The Joplin Globe, Joplin, MO

April 22, 2012

Jeana Gockley: Story links two teens across 200 years

By Jeana Gockley
Globe Columnist

JOPLIN, Mo. — "Revolution" by Jennifer Donnelly

Teen Fiction -- Audiobook




This is the story of two revolutions -- an internal one for modern day Brooklyn teenager Andi and the French one for 18th-century Parisian teenager Alex.

Andi’s younger brother died two years ago and she is still having a hard time processing her feelings. Her rage and grief are threatening to destroy her.

In fact, the only thing keeping her afloat is her passion for music, specifically playing the guitar. Her much-absent father notices her downward spiral, intervenes, and forces Andi to take a trip to Paris with him.

While there, her Pulitzer prize-winning geneticist father plans to perform DNA testing on a 200-year-old heart. He intends to prove that the heart belonged to Louis-Charles, the son of King Louis XVI and Marie Antoinette.

Andi’s job while in Paris is to work on the outline for her senior thesis. During the trip, Andi discovers a hidden diary locked away in a 200-year-old guitar case and she begins to read the story of Alex, a teenaged street actor who lived during the French Revolution.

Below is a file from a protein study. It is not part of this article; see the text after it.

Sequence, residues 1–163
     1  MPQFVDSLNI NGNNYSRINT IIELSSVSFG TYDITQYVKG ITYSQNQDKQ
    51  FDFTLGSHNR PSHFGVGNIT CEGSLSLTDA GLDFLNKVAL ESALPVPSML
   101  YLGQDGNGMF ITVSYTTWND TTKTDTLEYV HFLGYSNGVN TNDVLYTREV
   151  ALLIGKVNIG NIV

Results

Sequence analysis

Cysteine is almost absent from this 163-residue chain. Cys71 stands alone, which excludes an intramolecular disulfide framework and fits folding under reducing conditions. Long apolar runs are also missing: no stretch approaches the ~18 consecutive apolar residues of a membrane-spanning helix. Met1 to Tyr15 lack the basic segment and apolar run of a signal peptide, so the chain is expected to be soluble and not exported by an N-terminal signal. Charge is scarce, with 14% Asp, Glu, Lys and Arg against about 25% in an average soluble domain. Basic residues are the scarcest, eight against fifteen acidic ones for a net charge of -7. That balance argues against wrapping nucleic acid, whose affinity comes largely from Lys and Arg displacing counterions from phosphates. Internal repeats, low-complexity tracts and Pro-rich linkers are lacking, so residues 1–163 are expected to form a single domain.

It is through Alex’s eyes that the doomed-prince Louis-Charles comes alive -- and with it the realization that while the world may be stupid and brutal, there is much more to be gleaned from life.

The audiobook narrators, Emily Janice Card (Orson Scott Card’s daughter) and Emma Bering, were superb. It was especially satisfying to hear the French words and names pronounced correctly.

While a fantastical twist toward the end might leave listeners questioning the author’s choices, it is hard to deny that Jennifer Donnelly is a master storyteller. Her melding of believable characters and a riveting, history-based storyline make for a highly-recommended historical fiction drama.

 

Jeana Gockley is the children’s librarian for the Joplin Public Library.